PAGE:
- The Washington Times - Wednesday, March 21, 2012

Not many headlines, it seems, are inspired by the Creator these days: Just 19 percent of Americans say reporters and the news media are “friendly” toward religion. Naturally, there’s partisan interpretation: 11 percent of Republicans and 24 percent of Democrats agree that the press is a faith-friendly bunch, according to a new survey from the Pew Forum on Religion & Public Life.

Another 35 percent of Americans overall also say the press is downright “unfriendly” to faith. The majority of GOPers - 56 percent - agree, compared to 22 percent of Democrats. Thirty-eight percent overall say the press is neutral to religion; 29 percent of Republicans and 47 percent of Democrats agree. Meanwhile, the Republican Party bests Democrats and the Obama administration as being most at home with religion. See more numbers in today’s Poll du Jour at column’s end.


Buddy Roemer, the independent presidential hopeful who will take donations only in $100 increments, arrives in the nation’s capital Thursday to talk corruption and campaign finance reform with onetime lobbyist Jack Abramoff and former Federal Election Commission Chairman Trevor Potter. Mr. Roemer’s motto, incidentally, is “Pick a president, not a party.”

The trio meet for a public “empire salon” under the auspices of the Committee for the Republic, which notes, “In the world of political influence peddling, the money trail always leads back to the lobbying community. Lobbyists dispense political contributions like Halloween candy - only for them, every day is Halloween.”

The conversation should appeal to Mr. Roemer.

“If Mitt Romney’s campaign is an Etch-A-Sketch, then the GOP primary is a game of Twister,” says Mr. Roemer, referencing a cheeky comment from Romney aide Eric Fehrnstrom, who compared his boss’s campaign to the vintage toy, telling CNN, “You can kind of shake it up and we start all over again.”


That purse is getting fatter. And smarter, too.

“The Republican National Committee raised an impressive $11.3 million in February. Our cash on hand now totals $26.7 million, empowering us to keep taking the fight directly and aggressively to Barack Obama,” says Chairman Reince Priebus, who notes that 97 percent of the donors are of the grass-roots variety, giving less than $200, though generous “major investors” have forked over $5.8 million this year.

“We remain committed to effective financial stewardship,” the frugal-minded Mr. Priebus adds, noting that the money will help “undo the damage of Obamanomics and Obamacare and put America on the path to opportunity and prosperity.”


“After eight years as president, I have only two regrets: that I have not shot Henry Clay or hanged John C. Calhoun.”

(Andrew Jackson on two rivals, 1837).


Crossroads Grassroots Policy Strategies is getting strategic, and to the tune of six figures. The advocacy group has spent $650,000 on advertising buys in Albuquerque, N.M.; Columbus, Ohio; and Las Vegas - all spots where President Obama is pitching his energy plan this week.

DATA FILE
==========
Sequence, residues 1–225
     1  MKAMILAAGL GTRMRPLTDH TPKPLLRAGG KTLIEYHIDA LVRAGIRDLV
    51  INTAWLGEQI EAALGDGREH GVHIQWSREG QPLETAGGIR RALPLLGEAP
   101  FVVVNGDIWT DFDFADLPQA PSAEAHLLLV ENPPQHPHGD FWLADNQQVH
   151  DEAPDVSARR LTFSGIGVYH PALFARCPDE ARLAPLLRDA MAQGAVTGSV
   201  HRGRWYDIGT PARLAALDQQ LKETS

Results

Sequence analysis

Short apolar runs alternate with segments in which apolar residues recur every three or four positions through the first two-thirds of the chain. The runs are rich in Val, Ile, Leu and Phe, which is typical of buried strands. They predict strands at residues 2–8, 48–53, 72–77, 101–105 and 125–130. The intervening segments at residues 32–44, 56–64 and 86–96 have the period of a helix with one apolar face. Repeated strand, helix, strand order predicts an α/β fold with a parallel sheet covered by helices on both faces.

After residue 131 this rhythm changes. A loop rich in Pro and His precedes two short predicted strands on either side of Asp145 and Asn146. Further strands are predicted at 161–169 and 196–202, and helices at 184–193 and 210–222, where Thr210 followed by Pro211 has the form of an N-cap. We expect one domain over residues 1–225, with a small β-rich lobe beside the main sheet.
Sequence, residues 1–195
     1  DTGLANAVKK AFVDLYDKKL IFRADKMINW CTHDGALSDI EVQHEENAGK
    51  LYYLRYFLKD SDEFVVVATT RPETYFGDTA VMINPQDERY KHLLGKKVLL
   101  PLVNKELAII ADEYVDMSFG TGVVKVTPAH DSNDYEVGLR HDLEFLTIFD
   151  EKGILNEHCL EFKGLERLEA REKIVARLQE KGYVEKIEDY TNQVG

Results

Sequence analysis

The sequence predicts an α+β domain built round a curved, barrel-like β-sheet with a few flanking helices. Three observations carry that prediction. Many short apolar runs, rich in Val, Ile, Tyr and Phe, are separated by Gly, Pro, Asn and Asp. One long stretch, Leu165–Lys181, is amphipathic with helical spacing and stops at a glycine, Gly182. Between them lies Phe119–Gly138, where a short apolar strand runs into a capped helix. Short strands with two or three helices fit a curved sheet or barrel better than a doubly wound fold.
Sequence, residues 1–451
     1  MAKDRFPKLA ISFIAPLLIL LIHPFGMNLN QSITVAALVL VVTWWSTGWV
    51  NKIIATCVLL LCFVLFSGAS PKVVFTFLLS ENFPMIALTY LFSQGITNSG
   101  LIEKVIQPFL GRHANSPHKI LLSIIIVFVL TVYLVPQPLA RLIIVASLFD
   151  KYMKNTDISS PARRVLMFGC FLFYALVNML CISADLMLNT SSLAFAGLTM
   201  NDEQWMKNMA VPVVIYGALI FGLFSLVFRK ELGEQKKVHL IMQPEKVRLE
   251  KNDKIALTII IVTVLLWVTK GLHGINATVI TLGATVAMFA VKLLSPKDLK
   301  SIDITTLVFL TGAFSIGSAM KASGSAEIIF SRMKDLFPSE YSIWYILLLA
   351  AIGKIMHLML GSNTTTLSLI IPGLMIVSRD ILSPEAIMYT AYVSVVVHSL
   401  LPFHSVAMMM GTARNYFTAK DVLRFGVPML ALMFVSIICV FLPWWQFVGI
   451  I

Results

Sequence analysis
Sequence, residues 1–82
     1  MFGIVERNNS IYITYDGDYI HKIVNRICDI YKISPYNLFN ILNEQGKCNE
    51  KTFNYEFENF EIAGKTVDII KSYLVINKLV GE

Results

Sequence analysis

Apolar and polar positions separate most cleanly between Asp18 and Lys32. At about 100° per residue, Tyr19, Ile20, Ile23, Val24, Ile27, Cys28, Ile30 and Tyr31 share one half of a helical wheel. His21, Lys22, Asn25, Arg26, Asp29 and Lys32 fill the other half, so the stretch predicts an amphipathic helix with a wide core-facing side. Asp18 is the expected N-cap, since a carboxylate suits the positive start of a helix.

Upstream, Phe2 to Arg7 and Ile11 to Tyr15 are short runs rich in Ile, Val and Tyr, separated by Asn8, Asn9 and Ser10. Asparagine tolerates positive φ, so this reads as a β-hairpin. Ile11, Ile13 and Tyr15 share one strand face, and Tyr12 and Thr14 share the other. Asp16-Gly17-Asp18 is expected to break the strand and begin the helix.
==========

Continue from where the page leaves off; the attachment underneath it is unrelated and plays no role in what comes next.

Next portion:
“Bad energy policies mean energy prices we can’t afford,” the 30-second spot says, and it urges viewers to contact the White House and Congress.

“Instead of delivering practical solutions to make energy more affordable, President Obama is pursuing restrictive and naive policies that are hurting families at the pump and in their utility bills,” says Steven Law, president of the group. “There are plenty of supply-boosting solutions Obama could adopt immediately, but he remains obsessed with impractical sideshows like algae and Solyndra business schemes.”

The White House has its own interpretation and is intent on increasing “American-made energy” and “reducing our reliance on foreign oil, most notably through the historic fuel economy standards the President has established, which will nearly double the efficiency of the vehicles we drive and save families $1.7 trillion at the pump.”


It will go on for eight hours and promises a cast of thousands. The Reason Rally for atheists, humanists, agnostics and secularists on the Mall this Saturday is billed as the world’s largest assembly of “Godless” folk. There will be a children’s tent and child care, videos via Atheist TV, bright merchandise, VIP seating, two dinner galas, a pre-rally lobbying outreach, one after-party and celebrity guests, including comedian Eddie Izzard and Discovery Channel “Mythbuster” host Adam Savage.

HBO host Bill Maher and magician Penn Jillette will offer pre-taped greetings. They have political company. Former California Rep. Pete Stark also will send a video message, as will Sen. Tom Harkin, Iowa Democrat, who says he welcomes “those who reject all religious faith.” Mr. Harkin is not shy and already has shared his video with Roll Call.


• 54 percent of Americans say the Republican Party is “friendly” toward religion; 65 percent of Republicans and 48 percent of Democrats agree.

• 39 percent overall say the Obama administration is friendly toward religion; 15 percent of Republicans and 59 percent of Democrats agree.

• 35 percent overall say the Democratic Party is friendly toward religion; 13 percent of Republicans and 57 percent of Democrats agree.

• 51 percent say “religious conservatives have too much control over the GOP; 34 percent of Republicans and 62 percent of Democrats agree.

• 41 percent say liberals “who are not religious” have too much control over the Democratic party; 60 percent of Republicans and 28 percent of Democrats agree.

• 38 percent overall say politicians talk about religion too much; 24 percent of Republicans and 46 percent of Democrats agree.

Source: A Pew Forum on Religion & Public Life survey of 1,503 U.S. adults conducted March 7-11.

Clamor, uproar, polite applause to jharper@washingtontimes.com

• Jennifer Harper can be reached at jharper@washingtontimes.com.

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